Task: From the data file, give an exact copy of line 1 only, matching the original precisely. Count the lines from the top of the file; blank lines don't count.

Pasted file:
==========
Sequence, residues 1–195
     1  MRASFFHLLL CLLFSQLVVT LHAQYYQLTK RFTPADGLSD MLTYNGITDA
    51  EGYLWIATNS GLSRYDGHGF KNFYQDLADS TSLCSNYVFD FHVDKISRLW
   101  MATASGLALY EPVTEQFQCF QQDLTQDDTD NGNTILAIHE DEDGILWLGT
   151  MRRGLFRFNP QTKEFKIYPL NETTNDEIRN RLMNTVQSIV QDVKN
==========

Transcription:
Sequence, residues 1–195